While we do advise paying cash for a used car rather than financing it, we recognize that not everyone is in a position to do that. So if you are going to make your purchase with the help of an auto loan, it’s important to know that there are significant differences between financing a new vehicle and an older car.

Because financing an older car comes with a unique set of challenges, we’ve compiled this comprehensive guide to help you navigate the process from start to finish.

What It’s Like to Buy a Car Online

It’s been more than a quarter of a century since a certain bookstore first appeared on the World Wide Web. We now know that site as online superstore, Amazon, and it now sells virtually everything. Except cars. Due in part to antiquated dealer franchise laws and, to some degree, recalcitrant dealers, online car buying is still something of a rarity, even today.

But that’s been changing. A new crop of used car sellers has appeared online in recent years, among them Vroom, Carvana, and Shift. Their aim is to make car buying as easy as clicking on the latest Stephen King thriller and getting it delivered to your door.

The advent of the worldwide COVID-19 pandemic has spurred this change — not only because many shoppers no longer want to venture out onto a crowded sales floor, but also because pandemic-related inventory shortages have driven consumers to buy cars wherever they can find them.

But does online car buying actually work? We sat down with a recent car shopper to find out.

How to Negotiate the Price of a Used Car

Let’s say you’ve been shopping for a great used car. You’ve found a nice example of the model you want. You’ve checked out the car in person, and you really like it. All that’s left is to hand over the money and drive away — right?

Not so fast. Used car prices are almost always negotiable. With rare exceptions (such as buying from a “haggle-free” dealership), the price you see on the vehicle listing should *not* be the price you actually pay for it. In fact, most used car sellers pad their asking prices by at least a few hundred dollars in anticipation of this.

But how do you get from the asking price to the price that you actually should pay? That’s where the art of negotiation comes in.

How to Buy a Used Car at a Government Auction

According to the Bureau of Economic Analysis, a part of the United States federal government you’ve likely never heard of unless you work in it, total spending by all governments in the United States totaled $7.3 trillion in 2019. That’s 34-percent of the country’s gross domestic product (everything we did that made money). Keep in mind this is for 2019 — before the COVID-19 pandemic, which has blown government spending upwards like a rocket burning a refined distillate of debt.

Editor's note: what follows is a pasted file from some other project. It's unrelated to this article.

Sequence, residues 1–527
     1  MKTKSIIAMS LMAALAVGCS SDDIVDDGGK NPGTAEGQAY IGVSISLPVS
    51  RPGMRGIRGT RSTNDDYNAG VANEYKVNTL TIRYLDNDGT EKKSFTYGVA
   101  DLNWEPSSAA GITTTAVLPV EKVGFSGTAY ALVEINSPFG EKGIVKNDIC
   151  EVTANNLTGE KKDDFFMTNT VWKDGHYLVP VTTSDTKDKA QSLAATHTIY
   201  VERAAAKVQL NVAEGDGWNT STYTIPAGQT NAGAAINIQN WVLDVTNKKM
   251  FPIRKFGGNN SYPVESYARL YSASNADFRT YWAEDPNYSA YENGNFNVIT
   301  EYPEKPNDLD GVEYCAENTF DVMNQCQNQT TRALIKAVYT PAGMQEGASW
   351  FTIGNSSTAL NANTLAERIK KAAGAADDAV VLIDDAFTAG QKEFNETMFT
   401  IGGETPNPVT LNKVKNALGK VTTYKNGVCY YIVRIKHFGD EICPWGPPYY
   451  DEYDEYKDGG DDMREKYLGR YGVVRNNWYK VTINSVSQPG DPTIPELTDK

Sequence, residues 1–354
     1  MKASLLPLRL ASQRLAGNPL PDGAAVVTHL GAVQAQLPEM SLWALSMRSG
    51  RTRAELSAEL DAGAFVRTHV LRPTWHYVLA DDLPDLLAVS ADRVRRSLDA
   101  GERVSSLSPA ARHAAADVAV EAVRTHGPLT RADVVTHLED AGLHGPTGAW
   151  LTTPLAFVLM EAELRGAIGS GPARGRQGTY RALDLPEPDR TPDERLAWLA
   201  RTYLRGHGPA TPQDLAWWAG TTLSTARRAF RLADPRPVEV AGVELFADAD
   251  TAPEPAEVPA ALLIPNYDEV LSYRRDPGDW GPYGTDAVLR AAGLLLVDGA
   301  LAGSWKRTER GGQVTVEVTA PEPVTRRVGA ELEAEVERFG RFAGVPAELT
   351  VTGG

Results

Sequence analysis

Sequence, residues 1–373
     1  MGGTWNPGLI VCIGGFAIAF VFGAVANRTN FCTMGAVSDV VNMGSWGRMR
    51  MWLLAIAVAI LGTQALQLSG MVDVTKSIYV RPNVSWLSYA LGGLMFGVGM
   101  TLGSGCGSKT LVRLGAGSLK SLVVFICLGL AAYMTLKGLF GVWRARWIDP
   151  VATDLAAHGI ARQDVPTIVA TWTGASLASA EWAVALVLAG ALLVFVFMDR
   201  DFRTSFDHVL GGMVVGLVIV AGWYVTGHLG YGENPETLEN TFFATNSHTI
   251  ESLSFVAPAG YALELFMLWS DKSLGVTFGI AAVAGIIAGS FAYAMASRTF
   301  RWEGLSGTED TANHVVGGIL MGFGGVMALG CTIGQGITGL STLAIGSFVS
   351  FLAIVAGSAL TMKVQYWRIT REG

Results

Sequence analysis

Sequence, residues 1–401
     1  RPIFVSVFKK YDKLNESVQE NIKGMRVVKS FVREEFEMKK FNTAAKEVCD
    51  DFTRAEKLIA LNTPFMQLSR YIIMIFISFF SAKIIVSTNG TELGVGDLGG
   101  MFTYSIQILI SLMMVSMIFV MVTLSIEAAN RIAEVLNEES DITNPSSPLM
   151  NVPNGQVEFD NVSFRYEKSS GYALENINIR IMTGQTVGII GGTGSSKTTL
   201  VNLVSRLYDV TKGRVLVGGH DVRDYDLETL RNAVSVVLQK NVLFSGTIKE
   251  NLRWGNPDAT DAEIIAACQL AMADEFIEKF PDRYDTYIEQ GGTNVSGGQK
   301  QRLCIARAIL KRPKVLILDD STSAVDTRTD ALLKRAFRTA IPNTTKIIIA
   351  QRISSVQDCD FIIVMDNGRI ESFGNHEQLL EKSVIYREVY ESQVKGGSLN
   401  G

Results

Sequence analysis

And what did the local, state, and federal governments throw all that cash at? Well, a lot of things, like ballpoint pens, aircraft carriers, homeless shelters, governor’s mansions, and lots and lots of vehicles. So many vehicles in fact that they’ve always got a bunch to unload.

How to Read a Vehicle History Report from CARFAX or Autocheck

Every car buying expert will tell you the same thing. Don’t buy a used car without reading its vehicle history report thoroughly and carefully.

It’s good advice. Unless the used car in question has always belonged to your uncle Harry, a vehicle history report is the only way for you to learn about the life it has led.

Buying a Used Hybrid? Here’s Everything You Need to Know

It would have been rare a few years ago for hybrids to show up on most used-car shopping lists. There weren’t that many in the market, and there wasn’t much choice. Toyota’s hybrids dominated, with gas-electric models from Honda and Ford in distant second and third place. But stuff happens. Things change.

Today there’s a wide selection of used hybrids available, from almost every manufacturer. Because of their often-stellar fuel efficiency, plus the high-end trim and standard equipment levels among many of the more recent models, they are cars – and crossovers, SUVs, and trucks – that most every used-car shopper should consider.

Because the hybrid marketplace has changed so rapidly over the last ten years, with both hits and misses along the way, it’s important to do your homework before you start browsing the for-sale listings. That’s why we’ve compiled this comprehensive used hybrid buying guide. It’s everything you need to know to make a smart used hybrid purchase.